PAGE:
There is some Grade A stuff: Miles Davis, Roxy Music, King Crimson, Sun Ra, Charlie Parker, Jethro Tull, Captain Beefheart. Malcolm considers any tape offered in quadraphonic a prize. These tapes might have been mixed, say, with the drums in speaker one, the guitar in speaker two, the bass in speaker three, and the organ in speaker four. Malcolm once found Emerson Lake and Palmer’s first album in Quad while exploring the mountain, but he set it down and hasn’t been able to find it again.

A week after the band bought the trove, the boys were looking through Goldmine (a newspaper for record collectors) when Malcolm spotted an ad. “25,000 8-tracks. All Styles. All Sealed. Asking $450. Lancaster, PA.” When Malcolm called the number in the ad, Porter didn’t answer. Someone named Keith did, and he couldn’t believe the boys also had 25,000 8-tracks.

“50,000 8-tracks in Lancaster, Pennsylvania!” Malcolm exclaimed. They’d located the 8-track center of the universe.


They still produce 8-tracks, country and western mostly, for truckers. The last plant is located in Nashville. Malcolm snapped open an Engelburt Humperdink to show me the guts. There’s a 300-foot loop of magnetic tape which winds infinitely back onto itself and plays up to 80 minutes of analog sound. It feeds from the inside of the roll, passes over a pinch roller and capstan and tape head openings and under two pressure pads, and then wraps itself back around the outside of the roll. Four programs of stereo are recorded on each tape — 4×2=8 — hence the name 8-track. The signature ker-CHUNK! sound the player makes at the end of each program is the noise of the tape head disengaging from a program and engaging the next.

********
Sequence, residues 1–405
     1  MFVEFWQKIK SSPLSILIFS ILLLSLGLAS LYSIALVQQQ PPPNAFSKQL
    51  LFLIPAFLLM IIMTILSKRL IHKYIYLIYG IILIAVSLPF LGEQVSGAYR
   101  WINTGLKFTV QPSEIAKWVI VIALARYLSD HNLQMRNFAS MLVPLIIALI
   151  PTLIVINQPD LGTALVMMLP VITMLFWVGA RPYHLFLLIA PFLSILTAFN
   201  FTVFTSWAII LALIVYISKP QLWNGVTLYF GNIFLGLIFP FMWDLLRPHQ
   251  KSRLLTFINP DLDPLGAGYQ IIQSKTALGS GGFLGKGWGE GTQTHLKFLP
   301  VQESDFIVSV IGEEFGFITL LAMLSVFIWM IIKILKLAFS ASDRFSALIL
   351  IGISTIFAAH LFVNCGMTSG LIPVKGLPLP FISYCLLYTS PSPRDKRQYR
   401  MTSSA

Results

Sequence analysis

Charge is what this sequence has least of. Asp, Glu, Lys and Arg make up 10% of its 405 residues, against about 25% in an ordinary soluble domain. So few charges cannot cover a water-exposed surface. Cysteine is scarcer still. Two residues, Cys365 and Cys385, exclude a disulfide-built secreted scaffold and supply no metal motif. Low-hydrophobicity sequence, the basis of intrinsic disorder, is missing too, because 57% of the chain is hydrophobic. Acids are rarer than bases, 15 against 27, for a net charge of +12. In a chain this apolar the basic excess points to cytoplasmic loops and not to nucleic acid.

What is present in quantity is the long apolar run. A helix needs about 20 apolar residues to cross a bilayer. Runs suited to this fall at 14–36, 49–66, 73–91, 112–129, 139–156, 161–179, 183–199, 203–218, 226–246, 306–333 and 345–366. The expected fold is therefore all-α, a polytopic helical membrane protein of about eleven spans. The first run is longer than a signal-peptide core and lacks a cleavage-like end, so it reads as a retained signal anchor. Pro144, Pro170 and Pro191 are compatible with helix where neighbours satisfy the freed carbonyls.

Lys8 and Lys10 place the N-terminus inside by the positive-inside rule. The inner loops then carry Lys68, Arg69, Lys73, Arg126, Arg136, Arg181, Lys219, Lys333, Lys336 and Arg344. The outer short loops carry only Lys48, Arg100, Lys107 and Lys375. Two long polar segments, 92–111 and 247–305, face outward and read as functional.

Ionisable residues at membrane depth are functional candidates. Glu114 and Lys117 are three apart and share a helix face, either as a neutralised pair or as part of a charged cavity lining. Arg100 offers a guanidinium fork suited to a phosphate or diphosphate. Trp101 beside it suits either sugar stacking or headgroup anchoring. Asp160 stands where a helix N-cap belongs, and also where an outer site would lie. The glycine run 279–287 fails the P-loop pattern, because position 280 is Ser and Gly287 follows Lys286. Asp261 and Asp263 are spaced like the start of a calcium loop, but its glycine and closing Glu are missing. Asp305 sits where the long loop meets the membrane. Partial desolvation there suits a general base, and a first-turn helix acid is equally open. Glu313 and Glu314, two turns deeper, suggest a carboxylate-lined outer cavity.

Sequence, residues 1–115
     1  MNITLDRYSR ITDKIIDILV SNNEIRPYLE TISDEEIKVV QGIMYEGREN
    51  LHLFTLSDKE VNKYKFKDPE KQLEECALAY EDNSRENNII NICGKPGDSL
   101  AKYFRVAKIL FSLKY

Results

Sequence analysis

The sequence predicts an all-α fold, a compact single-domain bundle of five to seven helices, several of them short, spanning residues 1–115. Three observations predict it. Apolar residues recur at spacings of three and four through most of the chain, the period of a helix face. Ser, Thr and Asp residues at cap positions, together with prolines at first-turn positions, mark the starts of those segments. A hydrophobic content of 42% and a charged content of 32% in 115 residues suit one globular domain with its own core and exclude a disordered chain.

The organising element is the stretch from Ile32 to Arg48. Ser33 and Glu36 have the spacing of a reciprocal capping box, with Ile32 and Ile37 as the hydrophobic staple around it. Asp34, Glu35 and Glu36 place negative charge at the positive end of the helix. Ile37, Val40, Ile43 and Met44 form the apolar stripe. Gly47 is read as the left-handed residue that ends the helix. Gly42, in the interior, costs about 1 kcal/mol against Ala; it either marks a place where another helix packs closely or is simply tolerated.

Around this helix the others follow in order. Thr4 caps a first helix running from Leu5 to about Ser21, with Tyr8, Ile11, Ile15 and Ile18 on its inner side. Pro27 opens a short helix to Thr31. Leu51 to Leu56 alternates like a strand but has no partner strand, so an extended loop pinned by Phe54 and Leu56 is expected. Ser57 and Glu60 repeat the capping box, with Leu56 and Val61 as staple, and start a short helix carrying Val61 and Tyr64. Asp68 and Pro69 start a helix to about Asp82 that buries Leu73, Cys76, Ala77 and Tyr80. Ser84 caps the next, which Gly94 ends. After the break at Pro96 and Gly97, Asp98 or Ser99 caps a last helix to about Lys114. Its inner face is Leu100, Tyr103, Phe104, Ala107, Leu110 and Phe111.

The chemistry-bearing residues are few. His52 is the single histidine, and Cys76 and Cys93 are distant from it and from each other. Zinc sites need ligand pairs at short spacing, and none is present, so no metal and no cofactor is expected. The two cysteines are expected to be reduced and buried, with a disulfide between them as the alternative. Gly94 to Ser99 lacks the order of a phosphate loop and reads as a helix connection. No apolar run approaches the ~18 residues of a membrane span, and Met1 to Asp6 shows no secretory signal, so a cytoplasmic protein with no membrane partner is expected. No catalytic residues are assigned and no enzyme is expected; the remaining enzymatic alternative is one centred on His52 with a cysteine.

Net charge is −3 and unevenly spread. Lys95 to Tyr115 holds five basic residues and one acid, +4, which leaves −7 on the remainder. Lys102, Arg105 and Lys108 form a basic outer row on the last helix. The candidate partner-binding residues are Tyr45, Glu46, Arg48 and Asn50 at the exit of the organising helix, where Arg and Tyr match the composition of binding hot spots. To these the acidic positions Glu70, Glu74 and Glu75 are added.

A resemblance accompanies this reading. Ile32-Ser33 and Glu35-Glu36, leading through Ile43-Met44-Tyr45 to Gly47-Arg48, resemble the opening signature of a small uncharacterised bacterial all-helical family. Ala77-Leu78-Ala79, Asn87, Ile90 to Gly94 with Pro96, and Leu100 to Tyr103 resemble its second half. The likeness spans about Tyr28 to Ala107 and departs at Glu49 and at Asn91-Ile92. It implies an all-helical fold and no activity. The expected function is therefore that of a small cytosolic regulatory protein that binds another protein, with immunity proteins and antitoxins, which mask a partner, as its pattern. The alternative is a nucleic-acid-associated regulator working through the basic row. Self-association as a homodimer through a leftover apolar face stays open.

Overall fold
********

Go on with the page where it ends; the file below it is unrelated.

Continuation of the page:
The inventor of the 8-track was John Lear of Learjet. He registered his patent in 1945, but his break came 20 years later when he convinced Ford to offer in-dash players as an option for their 1966 models. Until then, the cutting edge had been FM radio. Once RCA Victor and Capitol began releasing their catalogs on 8-track, Chrysler and General Motors joined the fray. The carmakers would usually toss in a corny sampler of rock, classical and jazz to whet appetites.

The 8-track’s heyday ended around 1971, when the first auto-reverse cassette decks appeared. The boxy 8-tracks were a pain, with all the hissing and jamming, and they still are for those who keep the dream alive. If you’re not careful, the rubber roller can melt from the friction, spewing a tarry substance that destroys the 8-track and clogs your player.

Radio Shack hasn’t offered an 8-track player since its 1990 catalog, when item number 14-935 went for $9.95. You may find blank tapes or head cleaners at some Radio Shacks — the ones nobody visits — but officially the company doesn’t stock them. Mail-order record clubs offered the format until as late as 1988. A few devoted trackers cross out “compact discs” on the club’s postage-paid membership cards and mail them back with “8-tracks” scribbled across the top. The clubs reply with form letters.